Struck for only two years in 1854 and 1855, the design is a variation of the beautiful "Arrows and Rays" of 1853. Despite their allure, "Arrows and Rays" half dollars proved very difficult to strike and resulted in excessive die breakage. The Mint had to adjust the design in order to prolong working die life, but still needed a distinguishing mark to familiarize the public with the newly created weight standard authorized in early 1853. The decision was made to drop the rays from the reverse, while keeping the obverse arrowheads remaining at the date. Only an extremely limited number of these coins had been previously certified by either NGC or PCGS, making these treasures even scarcer!
Each coin has been conserved, attributed, and encapsulated by NCS and NGC and arrives in a hardwood display case with an engraved "SS Republic" plate affixed to the cover. Included is an illustrated booklet describing the history of the SS Republic, a DVD video produced by National Geographic, and a Certificate of Authenticity. Both the significance of this unique type coin and the very special provenance of these silver half dollars have been recognized by NGC, who created a distinctive label to be used on the protective holders. These labels identify both the "Arrows" pedigree and the unique "Shipwreck Effect" designation set against an image of the SS Republic.
Bound for New Orleans from New York with passengers and commercial cargo, the sidewheel steamship SS Republic was lost in a violent hurricane on October 25, 1865. In August 2003, Odyssey located the shipwreck at a depth of about 1,7000 feet in the Atlantic Ocean about 100 miles east of Savannah, Georgia. During archaeological excavation of the site, coins were picked up individually by the remote Operated Vehicle "ZEUS" with a delicate limpet to protect the coin's surfaces. Each coin was carefully conserved and encased in a tamper-resistant holder with a unique bar-coded label from NGC.
Die: An engraved piece of metal used to stamp a design on a coin.
Die crack: A small, raised imperfection on a coin resulting from a crack in the stamping die.
Early release: The Numismatic Guaranty Corporation (NGC) uses this designation for U.S. Bullion Coins during the first month of release from the U.S. Mint. To qualify for Early Release designation, NGC must receive the coins within 30 days of their release by the US Mint or properly documented as being received by an NGC approved entity within the same 30-day release period.
Encapsulated coin: A coin graded and authenticated by a professional coin service, then sealed in plastic.
Field: The typically flat area surrounding the relief and not used for legend or inscription.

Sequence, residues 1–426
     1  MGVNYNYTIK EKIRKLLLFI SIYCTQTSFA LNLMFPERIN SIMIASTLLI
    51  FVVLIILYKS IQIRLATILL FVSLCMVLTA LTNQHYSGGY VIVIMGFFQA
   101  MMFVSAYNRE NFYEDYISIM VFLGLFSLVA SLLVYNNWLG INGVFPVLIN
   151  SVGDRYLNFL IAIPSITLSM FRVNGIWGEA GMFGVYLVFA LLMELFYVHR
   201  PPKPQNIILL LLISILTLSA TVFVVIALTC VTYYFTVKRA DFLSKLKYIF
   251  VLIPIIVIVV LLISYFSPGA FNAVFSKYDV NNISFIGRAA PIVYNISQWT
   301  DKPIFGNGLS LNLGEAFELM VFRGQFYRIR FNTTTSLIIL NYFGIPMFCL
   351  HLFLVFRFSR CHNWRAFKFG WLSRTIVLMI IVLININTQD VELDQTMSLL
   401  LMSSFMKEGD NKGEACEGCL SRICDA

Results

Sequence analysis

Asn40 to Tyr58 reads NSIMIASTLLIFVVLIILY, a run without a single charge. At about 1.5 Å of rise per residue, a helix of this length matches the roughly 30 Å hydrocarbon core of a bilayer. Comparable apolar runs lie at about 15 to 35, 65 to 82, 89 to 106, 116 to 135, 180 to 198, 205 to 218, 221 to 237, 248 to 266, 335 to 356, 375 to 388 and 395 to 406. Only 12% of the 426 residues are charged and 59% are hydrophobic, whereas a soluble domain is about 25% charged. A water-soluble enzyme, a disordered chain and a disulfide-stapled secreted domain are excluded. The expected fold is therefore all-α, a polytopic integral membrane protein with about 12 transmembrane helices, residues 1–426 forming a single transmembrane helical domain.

Legal tender: Official money issued by the government.
Legend: The coin's primary lettering.
Lettered edge: An inscription added to the edge of a coin.
Luster: The quality of the surface brilliance on a Mint State or Uncirculated coin.
Mercury dime: Issued from 1916 to 1945, this U.S. dime featured a representation of Liberty in a winged hat that was commonly mistaken for the ancient god, Mercury.
Mint: A government controlled coin production facility.
Mint mark: A small letter stamped on a coin that indicates its mint origin, ex. "D" for Denver.
Mint Set: One coin from each of the available denominations in a particular year, produced by a single mint and made for circulation.
Mint State (Uncirculated): A regular production coin never used in trade and existing in its original condition.
Mintage: The number of coins produced.
NGC: Numismatic Guaranty Corporation.
Numismatics: The collection and study of monetary objects such as coins and paper bills.
Obverse: Heads, or a coin's front side.
Patina: Surface discoloration, typically green or brown, caused by oxidation over time.
PCGS: Professional Coin Grading Service.
Planchet: A blank metal piece used to produce a coin.
Proof: Expertly polished planchets and dies produce these coins which feature an extremely high quality strike, resulting in unmatched detail and brilliant surface finish.
Reeded edge: A coin edge finish featuring parallel vertical grooves all the way around.
Relief: The raised portion of a stamped design that sits above the coin's field.
Reverse: Tails, or coin's back side.
Rim: The raised ring around the perimeter of a coin designed to reduce wear on the relief.
Strike: The act of stamping a coin.
Truncation: The bottom edge of a portrait or bust.
Wheat penny: Lincoln cents issued from 1909 to 1958 bearing the wheat ear design on the reverse.